Most infants and young children who are more timid and fearful seem to grow into a normal range of social behavior, although few become extroverts. Some of these shy children are cautious in new situations for a period of time measured in minutes, but once the situations are familiar, these children are indistinguishable from their peers. However, some of these temperamentally timid children emerge consistently more anxious with greater likelihood to have phobias and to have social anxiety that can seriously impact long term happiness, achievement, and increase risk taking behaviors. A pediatrician should watch and note the emerging pattern of a timid toddler to see if the shyness eases or impacts social functioning; by bending the course of social interactions, social anxiety disorder critically affects developing social skills, self-regulation, affect tolerance, emerging identity, and confidence. Recognition and effective treatment of social anxiety will keep a child on the optimal developmental trajectory.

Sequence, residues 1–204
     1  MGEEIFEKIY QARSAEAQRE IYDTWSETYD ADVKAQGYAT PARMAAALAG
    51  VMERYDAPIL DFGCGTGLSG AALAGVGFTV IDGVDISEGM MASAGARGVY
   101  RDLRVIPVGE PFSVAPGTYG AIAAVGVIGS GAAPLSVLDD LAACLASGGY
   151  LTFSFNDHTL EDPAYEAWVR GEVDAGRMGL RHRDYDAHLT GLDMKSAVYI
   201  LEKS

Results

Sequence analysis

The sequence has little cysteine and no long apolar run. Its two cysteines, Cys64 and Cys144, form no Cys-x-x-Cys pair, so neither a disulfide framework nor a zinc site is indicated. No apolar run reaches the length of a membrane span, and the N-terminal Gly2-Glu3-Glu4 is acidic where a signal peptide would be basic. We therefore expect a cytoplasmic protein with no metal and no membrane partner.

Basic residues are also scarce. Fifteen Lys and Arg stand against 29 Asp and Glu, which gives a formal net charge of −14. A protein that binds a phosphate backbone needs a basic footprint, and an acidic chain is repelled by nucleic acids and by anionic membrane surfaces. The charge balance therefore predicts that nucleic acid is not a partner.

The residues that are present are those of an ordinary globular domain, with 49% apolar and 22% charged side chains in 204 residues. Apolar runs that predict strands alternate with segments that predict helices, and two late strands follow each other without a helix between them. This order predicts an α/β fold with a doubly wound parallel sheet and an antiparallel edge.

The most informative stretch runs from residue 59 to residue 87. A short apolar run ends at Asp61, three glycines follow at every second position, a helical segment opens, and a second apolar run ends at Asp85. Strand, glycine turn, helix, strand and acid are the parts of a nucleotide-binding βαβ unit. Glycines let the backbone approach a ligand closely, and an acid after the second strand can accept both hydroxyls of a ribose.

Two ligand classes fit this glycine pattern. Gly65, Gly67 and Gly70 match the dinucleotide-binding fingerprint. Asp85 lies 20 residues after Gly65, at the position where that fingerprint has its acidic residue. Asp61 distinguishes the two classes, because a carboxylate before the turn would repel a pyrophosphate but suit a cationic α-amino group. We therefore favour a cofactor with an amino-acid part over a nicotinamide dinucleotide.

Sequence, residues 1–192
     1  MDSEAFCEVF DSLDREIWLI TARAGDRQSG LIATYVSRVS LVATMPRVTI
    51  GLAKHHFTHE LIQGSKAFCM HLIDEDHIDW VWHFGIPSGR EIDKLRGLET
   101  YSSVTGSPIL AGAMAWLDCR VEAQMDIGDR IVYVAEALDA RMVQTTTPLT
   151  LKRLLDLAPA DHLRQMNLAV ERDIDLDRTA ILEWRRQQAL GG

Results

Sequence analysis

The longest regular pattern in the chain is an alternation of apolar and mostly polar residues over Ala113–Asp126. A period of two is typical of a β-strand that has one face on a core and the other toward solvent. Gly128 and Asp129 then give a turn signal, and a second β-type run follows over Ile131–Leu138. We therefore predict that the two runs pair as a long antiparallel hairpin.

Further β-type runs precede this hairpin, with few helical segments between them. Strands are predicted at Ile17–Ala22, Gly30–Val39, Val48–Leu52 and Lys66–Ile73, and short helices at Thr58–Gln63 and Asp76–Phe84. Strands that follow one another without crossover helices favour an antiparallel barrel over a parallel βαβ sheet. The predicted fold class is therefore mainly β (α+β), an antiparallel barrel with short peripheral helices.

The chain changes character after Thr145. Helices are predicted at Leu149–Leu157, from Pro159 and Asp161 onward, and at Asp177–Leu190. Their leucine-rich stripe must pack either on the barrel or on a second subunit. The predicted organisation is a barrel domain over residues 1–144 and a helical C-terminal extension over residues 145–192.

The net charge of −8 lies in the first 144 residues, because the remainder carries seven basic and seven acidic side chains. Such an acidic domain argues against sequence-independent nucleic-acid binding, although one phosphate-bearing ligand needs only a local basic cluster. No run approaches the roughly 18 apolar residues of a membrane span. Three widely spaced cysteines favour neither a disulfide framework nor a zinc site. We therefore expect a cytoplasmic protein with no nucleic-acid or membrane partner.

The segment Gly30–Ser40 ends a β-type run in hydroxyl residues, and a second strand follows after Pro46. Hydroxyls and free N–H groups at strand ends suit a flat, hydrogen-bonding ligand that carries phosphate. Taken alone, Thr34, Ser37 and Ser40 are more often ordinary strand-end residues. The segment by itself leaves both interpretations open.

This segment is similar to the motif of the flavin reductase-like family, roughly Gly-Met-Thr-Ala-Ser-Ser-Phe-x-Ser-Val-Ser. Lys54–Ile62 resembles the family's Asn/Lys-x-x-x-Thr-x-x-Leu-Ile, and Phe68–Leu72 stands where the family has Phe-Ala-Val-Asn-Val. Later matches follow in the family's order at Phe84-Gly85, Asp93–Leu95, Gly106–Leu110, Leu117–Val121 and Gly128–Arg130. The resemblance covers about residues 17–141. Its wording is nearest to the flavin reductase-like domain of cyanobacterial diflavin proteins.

Anxiety disorders are the most common psychiatric illnesses in the United States, and social anxiety disorder (previously labeled as social phobia) is the third most common psychiatric disorder in U.S. adults (after depression and alcohol dependence). Most persistent anxiety disorders begin in childhood, and social anxiety is no exception. The mean age of onset for social anxiety is 13 years old, and it rarely begins after the age of 25, with an annual prevalence around 7% in childhood and adolescence ( Psychiatr. Clin. North Am. 2009;32;483-524 ).The DSM-5 criteria for social anxiety disorder include, “a marked and persistent fear of one or more social or performance situations in which the person is exposed to unfamiliar people or to possible scrutiny by others,” and exposure to those situations provokes intense anxiety, which in children can be marked by severe or prolonged crying, freezing, tantrums, shrinking from social situations, refusing to speak, or clinging to parents. In adolescents, it may trigger panic attacks. The avoidance and distress interfere with the child’s function in school, social activities, or relationships, and must have lasted for at least 6 months. To ensure that there is not another problem of social relatedness, the child should have shown some capacity to have normal peer relationships.